"Craftsmen can learn from apprentices"
When I was young (about 16 or 17 years old), I remember writing in my notebook something that goes like this:
(I was aspiring to become a pastor during that time)
When you are already a pastor, and you need to make some major decisions, make sure to also consult people who are much younger than you, because they might have some ideas that you and the older people failed to consider.
I think I was able to think that way because, by that time, I already saw multitudes (not really multitudes, just a few ; I’m just exaggerating) of mistakes that older people had made. Mistakes that will make you say to yourself, “Why did they do that?”
Perhaps they are just too busy, and they did not have time to consider all the implications of a decision?
Perhaps they have a different value system than I do? — What I consider a mistake was not really a mistake to them?
Perhaps they have the same value system as I do, but they were driven by a very selfish kind of desire during that time, and they were not able to recognize the selfishness of a decision — “As long as the goal is met…”?
… Or maybe they recognized the selfishness of a decision, but were so weak during that time, and so was not able to resist the temptation?
I’m not sure.
I actually fear that someday, someone will say the same things about some major decisions that I had made.
That is one of the reasons why I read books and articles, most especially those that were written by older and experienced men.
And that is one of the reasons why I like listening to younger people when they talk about their experiences, and their thoughts and ideas, most especially when those thoughts and experiences are related to the field I am involved in today — software development.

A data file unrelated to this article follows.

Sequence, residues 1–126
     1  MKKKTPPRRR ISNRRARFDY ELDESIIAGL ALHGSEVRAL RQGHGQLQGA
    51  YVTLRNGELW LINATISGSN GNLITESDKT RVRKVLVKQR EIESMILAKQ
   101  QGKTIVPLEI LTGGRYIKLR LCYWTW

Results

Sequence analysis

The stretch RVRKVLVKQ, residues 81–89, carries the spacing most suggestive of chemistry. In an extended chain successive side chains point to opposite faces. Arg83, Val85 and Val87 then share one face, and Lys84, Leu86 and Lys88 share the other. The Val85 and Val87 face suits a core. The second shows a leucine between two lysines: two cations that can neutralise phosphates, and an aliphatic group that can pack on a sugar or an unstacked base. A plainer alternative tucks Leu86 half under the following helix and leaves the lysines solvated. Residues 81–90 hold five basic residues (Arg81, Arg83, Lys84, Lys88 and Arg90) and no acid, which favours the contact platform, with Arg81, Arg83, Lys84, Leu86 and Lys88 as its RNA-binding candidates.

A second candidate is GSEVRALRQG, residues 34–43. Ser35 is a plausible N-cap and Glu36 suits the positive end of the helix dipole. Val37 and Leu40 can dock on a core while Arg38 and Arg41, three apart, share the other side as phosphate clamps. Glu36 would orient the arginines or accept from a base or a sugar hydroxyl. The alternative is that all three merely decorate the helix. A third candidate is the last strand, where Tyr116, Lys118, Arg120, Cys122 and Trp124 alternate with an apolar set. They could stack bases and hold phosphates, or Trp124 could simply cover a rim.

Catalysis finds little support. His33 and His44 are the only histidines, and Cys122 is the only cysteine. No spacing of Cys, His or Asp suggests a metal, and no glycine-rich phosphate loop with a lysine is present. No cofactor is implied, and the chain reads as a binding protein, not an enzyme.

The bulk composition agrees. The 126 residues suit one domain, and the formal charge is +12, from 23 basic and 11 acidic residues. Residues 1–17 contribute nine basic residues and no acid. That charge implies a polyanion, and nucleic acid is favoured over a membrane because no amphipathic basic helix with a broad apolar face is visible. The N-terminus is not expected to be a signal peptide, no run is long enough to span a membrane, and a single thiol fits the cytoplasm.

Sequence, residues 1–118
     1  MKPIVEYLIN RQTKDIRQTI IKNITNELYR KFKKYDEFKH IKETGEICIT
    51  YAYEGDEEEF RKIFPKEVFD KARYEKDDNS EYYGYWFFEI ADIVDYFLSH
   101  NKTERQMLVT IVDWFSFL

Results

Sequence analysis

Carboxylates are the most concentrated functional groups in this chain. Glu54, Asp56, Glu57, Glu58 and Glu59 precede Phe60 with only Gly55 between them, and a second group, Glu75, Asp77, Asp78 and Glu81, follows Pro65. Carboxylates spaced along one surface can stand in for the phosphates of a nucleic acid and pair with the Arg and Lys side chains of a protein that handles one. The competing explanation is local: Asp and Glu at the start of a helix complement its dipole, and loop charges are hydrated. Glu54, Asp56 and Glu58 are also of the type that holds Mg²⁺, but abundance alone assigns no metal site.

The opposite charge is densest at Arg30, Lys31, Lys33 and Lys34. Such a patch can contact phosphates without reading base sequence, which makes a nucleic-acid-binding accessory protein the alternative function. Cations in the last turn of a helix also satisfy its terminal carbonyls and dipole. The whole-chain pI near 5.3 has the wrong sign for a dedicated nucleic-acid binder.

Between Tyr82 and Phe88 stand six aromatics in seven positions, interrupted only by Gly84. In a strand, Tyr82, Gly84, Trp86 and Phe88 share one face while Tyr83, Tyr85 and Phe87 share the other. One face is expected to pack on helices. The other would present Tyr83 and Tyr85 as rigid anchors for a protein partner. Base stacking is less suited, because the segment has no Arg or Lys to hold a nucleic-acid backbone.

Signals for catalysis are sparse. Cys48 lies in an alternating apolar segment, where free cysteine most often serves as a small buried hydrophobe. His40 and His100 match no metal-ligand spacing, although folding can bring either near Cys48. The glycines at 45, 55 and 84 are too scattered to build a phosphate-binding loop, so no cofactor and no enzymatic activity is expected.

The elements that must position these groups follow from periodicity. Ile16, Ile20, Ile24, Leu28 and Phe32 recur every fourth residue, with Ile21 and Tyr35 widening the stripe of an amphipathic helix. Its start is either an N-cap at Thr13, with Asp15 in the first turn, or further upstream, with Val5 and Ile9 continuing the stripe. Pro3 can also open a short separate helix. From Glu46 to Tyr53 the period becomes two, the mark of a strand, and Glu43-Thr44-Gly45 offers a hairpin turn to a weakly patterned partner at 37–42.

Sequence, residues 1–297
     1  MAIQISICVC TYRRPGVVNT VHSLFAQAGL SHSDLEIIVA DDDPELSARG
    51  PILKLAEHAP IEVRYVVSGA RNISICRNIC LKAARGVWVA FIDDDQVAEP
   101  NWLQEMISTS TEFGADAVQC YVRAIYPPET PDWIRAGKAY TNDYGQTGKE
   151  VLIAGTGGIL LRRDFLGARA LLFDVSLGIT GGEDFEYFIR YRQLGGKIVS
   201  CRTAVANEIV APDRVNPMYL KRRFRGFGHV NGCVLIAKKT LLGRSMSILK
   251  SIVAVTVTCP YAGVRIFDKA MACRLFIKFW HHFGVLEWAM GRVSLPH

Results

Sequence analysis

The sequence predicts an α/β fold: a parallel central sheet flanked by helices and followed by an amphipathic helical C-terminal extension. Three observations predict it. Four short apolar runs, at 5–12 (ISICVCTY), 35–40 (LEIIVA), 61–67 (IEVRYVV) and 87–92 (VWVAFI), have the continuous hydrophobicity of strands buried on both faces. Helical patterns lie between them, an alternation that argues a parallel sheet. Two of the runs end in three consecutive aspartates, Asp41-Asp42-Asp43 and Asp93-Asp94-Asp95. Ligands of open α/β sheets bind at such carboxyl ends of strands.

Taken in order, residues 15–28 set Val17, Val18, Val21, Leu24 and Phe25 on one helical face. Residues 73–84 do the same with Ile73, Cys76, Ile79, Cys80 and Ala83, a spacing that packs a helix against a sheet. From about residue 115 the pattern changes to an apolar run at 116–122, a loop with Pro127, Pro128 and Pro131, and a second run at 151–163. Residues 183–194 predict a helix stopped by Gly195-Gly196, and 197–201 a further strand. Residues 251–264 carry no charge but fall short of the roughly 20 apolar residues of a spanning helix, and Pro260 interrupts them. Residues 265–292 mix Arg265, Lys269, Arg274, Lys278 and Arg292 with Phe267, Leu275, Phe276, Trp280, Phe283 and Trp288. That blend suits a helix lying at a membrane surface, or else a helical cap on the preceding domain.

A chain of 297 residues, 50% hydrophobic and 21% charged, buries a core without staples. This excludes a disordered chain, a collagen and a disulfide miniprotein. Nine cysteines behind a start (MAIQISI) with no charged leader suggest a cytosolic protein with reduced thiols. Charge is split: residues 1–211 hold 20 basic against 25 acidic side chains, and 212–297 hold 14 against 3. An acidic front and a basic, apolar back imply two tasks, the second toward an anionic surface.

A very long introduction, right?
That is not really an introduction.
That was the whole thing.
I just decided to write this blog post when I remember the “consulting younger people” note after I read the following from the book “Apprenticeship Patterns” book by David H. Hoover and Adewale Oshineye (which is freely available online!):
Ultimately, unleashing your enthusiasm is one of the relatively few responsibilities of the apprentice. You may not bring deep knowledge or hyper-productivity, but it is your duty to inject some excitement into your team and question everything. You are in the unique (and temporary) position of having a fresh perspective, which should allow you to offer some useful suggestions for improvement.
Craftsmen learn from the apprentices, even as the apprentices learn from them. Enthusiastic beginners not only renew the craftsmen, but also challenge the craftsmen by bringing in new ideas from the outside. A well chosen apprentice can make even a master craftsman more productive.
— Pete McBreen, Software Craftsmanship, p. 75
So questioning everying can bring some excitement!?